• peter brush says:

      David, good thoughts, hang in there, your frustrations are understood by many more than you probably think. there is no doubt a reason that this whole area has become a modern day mecca for those seeking ‘spiritual succour’. great spiritual places right around the world, persist, society to society!, culture to culture. Right around the world there is a long history of places of great spiritual significance being focal points for the spirit again and again and again. Australia’s first people have been here continuously for longer than anywhere else in the world. this is incredibly significant in itself. but what is becoming more apparent is that the society was highly evolved, it had to be to be functional for probably 60000 years. We white people have been at it here for 200 years and we have virtually destroyed the place. the rest of the world has a lot to learn too, hopefully we will, before we destroy it all. Most importantly, too much damage has been done to cultural sites across Australia already! before any more damage is done here, this place needs to be fully and throughly investigated both archeologically and culturally!Lismore council this could be far far more valuable in so many ways, than a few home sites!

  6. Deborah Green says:

    How wonderful!
    I hope the plateau will be protected, and, if Bundjalung elders want, investigated

  7. turtle says:

    Should be a “no-brainer” now for Lismore Council to stop development.

  8. Mickey Ryan says:

    Let all of us come together too protect the North Lismore Plateau such a significant Aboriginal site

    We need to stop any development for the education of all Australians to enjoy and learn of our Heritage and culture

    Much love and respect to all

  9. Peter Brush says:

    wow, this is at the very least incredibly intriguing and needs to properly investigated before any damage is done! personally i want to find out more about it. Until it is fully understood there must be no action taken that would damage the site in my opinion. how do I help?

  10. Beki davoes says:

    This is something special. Lismore city council needs to stop and listen to the experts and preserve this peice of cultural heritage. I hope there will be a petition to stop the development proposal from going ahead. We as a community need to get behind this and make some noise!!!

  11. Mary Lou says:

    Yes this must be protected not destroyed like the wind song caves at Fingal Head. Where the Tribes used to gather on Dreamtime beach, those caves were blown up to use the rocks for the Tweed river walls. It would have been a most magical place to visit and hear the wind make music, in caves on the beach. So lets not let history repeat and protect this significant discovery at all costs.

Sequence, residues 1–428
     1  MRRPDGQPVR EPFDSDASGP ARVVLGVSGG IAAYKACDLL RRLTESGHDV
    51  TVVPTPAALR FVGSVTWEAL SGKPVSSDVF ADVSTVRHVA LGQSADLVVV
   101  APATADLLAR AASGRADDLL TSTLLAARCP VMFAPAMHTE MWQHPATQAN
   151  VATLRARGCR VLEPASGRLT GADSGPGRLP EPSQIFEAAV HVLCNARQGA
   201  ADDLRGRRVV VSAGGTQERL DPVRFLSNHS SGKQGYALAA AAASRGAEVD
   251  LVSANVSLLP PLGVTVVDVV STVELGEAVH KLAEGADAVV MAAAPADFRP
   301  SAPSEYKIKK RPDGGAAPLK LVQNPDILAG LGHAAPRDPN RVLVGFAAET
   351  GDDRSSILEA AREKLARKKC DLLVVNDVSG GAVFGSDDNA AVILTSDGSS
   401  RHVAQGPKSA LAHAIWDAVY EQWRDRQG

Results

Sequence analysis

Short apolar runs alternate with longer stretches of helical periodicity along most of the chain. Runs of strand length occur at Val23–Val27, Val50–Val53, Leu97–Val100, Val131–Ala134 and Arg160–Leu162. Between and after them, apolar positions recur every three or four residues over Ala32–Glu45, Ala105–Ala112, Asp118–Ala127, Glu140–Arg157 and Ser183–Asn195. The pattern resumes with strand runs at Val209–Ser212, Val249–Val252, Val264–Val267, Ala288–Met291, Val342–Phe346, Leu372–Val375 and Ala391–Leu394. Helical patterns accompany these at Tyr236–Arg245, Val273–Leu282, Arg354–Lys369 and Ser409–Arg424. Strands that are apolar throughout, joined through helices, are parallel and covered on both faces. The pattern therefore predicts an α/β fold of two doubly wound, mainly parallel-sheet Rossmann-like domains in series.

12. Shane Adams says:

    Did Vanessa Ekins vote for this rezoning/ development?

  13. Shane Adams says:

    Did Vanessa Ekins vote for this rezoning/development?

  14. Julie says:

    We established the North Lismore Plateau Protection Association Inc – under the umbrella of the Nature Conservation Council of NSW (NCC) – if you are interested to join and support.
    We are preparing for further action if Lismore City Council continues on their plans for this future housing development upon this most Sacred Site here in North Lismore.
    Keep your interest in this..and if necessary be prepared for action.

  15. Dr George Davidson says:

    Count me in to help where I can, this is an important precolonial site, it needs protection

  16. Neil Owen says:

    Isn’t it ironic that some of these comments are made by the same ones who went out of their way to avoid helping out in this campaign, even as far as to attempt to undermine & sabotage our good efforts at every turn? NOW that the hard yards have been done, everyone else wants to jump on the band wagon? I know who they are & will NEVER forget their ill speaking attitudes towards this campaign. As for Uncle Micky Ryan, Julie Allen, Aunty Marie Dulbridge & others who gave a damn enough to help out, congratulations & thankyou for your support. The johnny come latelys I view with suspicion until their feeble words become helpful actions, if you will not be part of the solution, you are obviously part of the problem & are no longer welcome anywhere near me.

  17. Susan Stock says:

    I hope that Lismore councillors will listen and wait until all the archaeological reports come in. Otherwise it is racist sacrilege. They cannot keep making decisions guided by the ‘jobs and growth’ ideology. Wow I think this is a very exciting development. Good on you Mickey and other Bundjalung people.

Leave a Reply

Your email address will not be published. Required fields are marked *


Become a supporter of The Echo

A note from the editorial team

Some of The Echo’s editorial team: journalists Paul Bibby and Aslan Shand, editor Hans Lovejoy, photographer Jeff Dawson and Mandy Nolan

The Echo has never underestimated the intelligence and passion of its readers. In a world of corporate banality and predictability, The Echo has worked hard for more than 30 years to help keep Byron and the north coast unique with quality local journalism and creative ideas. We think this area needs more voices, reasoned analysis and ideas than just those provided by News Corp, lifestyle mags, Facebook groups and corporate newsletters.

The Echo is one hundred per cent locally owned and one hundred per cent independent. As you have probably gathered from what is happening in the media industry, it is not cheap to produce a weekly newspaper and a daily online news service of any quality.

We have always relied entirely on advertising to fund our operations, but often loyal readers who value our local, independent journalism have asked how they could help ensure our survival.

Any support you can provide to The Echo will make an enormous difference. You can make a one-off contribution or a monthly one. With your help, we can continue to support a better informed local community and a healthier democracy for another 30 years.”

Echonetdaily is made possible by the support of all of our advertisers and is brought to you by this weeks sponsor, Vast and Khentrul Lodro T'haye Rinpoche